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Today I took the rover for a drive and decided to open up the oil cap, and found a disgusting goo inside :shock: . It sits outside now since I don't have time to scrape the windows on my daily driver in the morning. The temperature has been getting pretty cold now, especially last night with the low around 32F. So I am wondering if this is just condensation... I HOPE. I took out the dipstick and did not notice anything out of the ordinary. So I cleaned the cap and put it back on, and drove it some more, and I found some water droplets on the top, but not coolant (It was very clear water), I'll give it a whirl again tomorrow. Let me know what you think.



 

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Ages of condensation. Squirt some degreaser in there and let it sit over night. It'll wipe right out. A quick rinse in degreaser every few oil changes will keep it clear.
 

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Ages of condensation. Squirt some degreaser in there and let it sit over night. It'll wipe right out. A quick rinse in degreaser every few oil changes will keep it clear.
What kind of degreaser do you recommend?
 

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Any. Orange cleaner/degreaser, engine decreaser, 409... they will all do the job. It's really no different than cleaning the stove top. :mrgreen:
 

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2002-2005 Range Rover MkIII / L322
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I've always been told that if your oil filler cap had a milky coating on it, you had a problem. But...I trust toad more than the rumor mill.

If you feel froggy, taste it. If it's sweet, it's antifreeze. I don't recommend or condone consuming anti freeze or any other liquid not intended for human consumption.
 

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Discussion Starter #6
lol nice fine print kmag. I drove it a bit tonight and looked at the filler cap again, and i just see clear water droplets at the top. I did think head gaskets or something serious, but I I'm starting to think the condensation activated the old dried out oil crud at the top, making it bubble. I will still keep a close eye on it, and definitely try out some degreaser along with some fuel drier additive, which I was told by a friend, is the reason it takes an extra crank to get going in the morning (water in the fuel).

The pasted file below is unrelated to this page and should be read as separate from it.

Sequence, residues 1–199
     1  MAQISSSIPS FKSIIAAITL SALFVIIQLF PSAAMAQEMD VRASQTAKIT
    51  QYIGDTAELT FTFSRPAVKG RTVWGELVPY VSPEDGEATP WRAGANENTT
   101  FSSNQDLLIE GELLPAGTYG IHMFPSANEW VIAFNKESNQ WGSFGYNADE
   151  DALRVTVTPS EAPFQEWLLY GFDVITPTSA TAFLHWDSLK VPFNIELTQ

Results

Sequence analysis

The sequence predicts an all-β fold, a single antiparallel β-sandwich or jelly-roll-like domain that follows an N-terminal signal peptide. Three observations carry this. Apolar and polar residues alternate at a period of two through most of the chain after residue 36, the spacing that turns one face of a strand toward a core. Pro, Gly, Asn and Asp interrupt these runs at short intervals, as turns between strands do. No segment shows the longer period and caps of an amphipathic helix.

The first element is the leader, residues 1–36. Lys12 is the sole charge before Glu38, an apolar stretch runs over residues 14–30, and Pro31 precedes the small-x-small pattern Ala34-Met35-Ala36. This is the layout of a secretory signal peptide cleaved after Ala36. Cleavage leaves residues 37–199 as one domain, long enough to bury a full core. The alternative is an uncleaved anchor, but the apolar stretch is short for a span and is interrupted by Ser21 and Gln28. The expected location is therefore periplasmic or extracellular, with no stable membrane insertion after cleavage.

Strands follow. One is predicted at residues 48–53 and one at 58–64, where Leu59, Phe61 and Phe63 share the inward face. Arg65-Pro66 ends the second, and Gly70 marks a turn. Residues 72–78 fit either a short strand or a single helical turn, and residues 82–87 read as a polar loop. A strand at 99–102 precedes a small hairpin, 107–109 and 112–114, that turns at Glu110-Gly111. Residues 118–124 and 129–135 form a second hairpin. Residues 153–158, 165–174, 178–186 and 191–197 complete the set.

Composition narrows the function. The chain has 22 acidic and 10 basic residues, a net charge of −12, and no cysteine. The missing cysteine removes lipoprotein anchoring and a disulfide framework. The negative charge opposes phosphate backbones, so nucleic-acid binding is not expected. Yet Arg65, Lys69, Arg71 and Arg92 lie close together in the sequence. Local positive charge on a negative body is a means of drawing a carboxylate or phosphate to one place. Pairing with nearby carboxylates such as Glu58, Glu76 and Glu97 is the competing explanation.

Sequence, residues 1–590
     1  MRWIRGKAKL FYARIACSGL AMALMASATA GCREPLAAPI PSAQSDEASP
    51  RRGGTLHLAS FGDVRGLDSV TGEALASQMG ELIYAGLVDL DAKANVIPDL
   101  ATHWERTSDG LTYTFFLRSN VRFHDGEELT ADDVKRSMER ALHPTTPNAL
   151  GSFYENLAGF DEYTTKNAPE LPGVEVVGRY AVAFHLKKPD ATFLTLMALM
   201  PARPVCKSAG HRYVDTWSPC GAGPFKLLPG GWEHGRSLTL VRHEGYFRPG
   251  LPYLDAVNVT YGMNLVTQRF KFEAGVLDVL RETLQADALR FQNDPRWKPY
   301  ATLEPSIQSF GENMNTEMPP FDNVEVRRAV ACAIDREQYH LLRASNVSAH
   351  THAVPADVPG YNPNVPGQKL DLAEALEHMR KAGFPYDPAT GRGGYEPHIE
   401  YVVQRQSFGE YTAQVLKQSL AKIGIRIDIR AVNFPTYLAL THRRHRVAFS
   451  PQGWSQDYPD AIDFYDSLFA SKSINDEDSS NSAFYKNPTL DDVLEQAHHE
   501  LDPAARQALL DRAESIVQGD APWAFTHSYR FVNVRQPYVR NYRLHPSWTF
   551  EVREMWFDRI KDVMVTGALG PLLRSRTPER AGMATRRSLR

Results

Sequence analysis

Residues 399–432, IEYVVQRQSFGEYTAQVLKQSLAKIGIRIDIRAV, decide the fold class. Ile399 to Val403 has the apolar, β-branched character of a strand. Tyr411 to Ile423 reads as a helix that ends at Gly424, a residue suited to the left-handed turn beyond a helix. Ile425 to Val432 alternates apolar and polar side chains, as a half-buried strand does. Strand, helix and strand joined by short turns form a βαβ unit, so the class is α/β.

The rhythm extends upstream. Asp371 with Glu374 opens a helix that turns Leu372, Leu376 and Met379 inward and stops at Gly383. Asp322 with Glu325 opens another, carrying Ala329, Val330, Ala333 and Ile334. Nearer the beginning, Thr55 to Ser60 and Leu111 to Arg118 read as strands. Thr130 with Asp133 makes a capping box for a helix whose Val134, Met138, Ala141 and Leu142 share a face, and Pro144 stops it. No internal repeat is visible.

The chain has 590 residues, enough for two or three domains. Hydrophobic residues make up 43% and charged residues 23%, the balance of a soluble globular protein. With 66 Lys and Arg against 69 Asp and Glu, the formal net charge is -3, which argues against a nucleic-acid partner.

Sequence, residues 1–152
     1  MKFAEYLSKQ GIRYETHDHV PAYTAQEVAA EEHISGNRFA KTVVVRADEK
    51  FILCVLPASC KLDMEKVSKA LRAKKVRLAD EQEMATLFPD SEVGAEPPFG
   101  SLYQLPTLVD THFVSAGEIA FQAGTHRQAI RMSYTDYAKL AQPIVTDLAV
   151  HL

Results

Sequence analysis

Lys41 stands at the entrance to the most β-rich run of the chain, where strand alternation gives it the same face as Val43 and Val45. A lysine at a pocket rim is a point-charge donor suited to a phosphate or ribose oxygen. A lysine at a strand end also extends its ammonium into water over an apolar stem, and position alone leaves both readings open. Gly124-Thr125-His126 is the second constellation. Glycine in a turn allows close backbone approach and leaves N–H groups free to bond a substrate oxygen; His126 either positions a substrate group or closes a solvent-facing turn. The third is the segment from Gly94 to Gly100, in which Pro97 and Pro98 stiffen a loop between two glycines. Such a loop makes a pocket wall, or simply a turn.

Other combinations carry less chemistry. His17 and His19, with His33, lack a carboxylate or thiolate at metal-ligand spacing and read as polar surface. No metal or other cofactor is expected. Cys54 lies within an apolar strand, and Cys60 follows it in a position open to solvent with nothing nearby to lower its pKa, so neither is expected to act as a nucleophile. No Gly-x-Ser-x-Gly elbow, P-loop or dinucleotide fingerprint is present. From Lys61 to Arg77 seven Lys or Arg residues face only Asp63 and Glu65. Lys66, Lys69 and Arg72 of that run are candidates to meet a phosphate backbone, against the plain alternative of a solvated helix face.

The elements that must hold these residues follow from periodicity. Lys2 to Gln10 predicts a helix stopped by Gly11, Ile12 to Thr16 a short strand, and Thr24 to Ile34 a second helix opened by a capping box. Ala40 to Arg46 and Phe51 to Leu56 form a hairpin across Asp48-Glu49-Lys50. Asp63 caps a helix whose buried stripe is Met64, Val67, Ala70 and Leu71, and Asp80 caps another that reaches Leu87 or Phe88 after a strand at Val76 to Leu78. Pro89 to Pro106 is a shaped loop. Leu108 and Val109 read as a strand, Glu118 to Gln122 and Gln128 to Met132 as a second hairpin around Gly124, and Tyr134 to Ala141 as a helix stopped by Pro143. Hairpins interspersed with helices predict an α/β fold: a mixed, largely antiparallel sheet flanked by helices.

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I suppose winter is well on the way in Idaho? Used to get a lot of that sort of thing back in the late 60s in a Morris 1100 :shock: ... living in Canberra...not as cold as Idaho :D only -8 to -10 degC ... but the problem was caused by short runs and vehicle not reaching proper operating temp. Regular oil changes and make sure the viscous fan is not operating any more than needed, so as to enable the coolant temp to rise more quickly... what sort of oil do you use?
 

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I had the same worry after I got my 96 4.6 HSE in January. Got it of ebay with out seeing the car first :oops:
Anyway at £1700 it was worth it for parts, but that was not why I bought it. Took the old girl to a local garage that has always been honest with me and expected the worst..........
Got a call to say it was all done, new oil, filter etc, I asked about the water in the oil and they said "what water? No mate that's just condensation, it's a big engine, and it's been sitting around in the cold, just drive it more." They were spot on, never had a hint of creamy oil on the filler cap since, a few drops of clean water now and then, but after a run it's gone.

SID.
 

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Just rememberd that the guys at the garage also replaced the two rocker cover breather hoses, one was so soft it would not let the engine vent, that ment the condensation could not burn off and just kept building up, almost steam cleaning the top end of the engine!!

SID.
 
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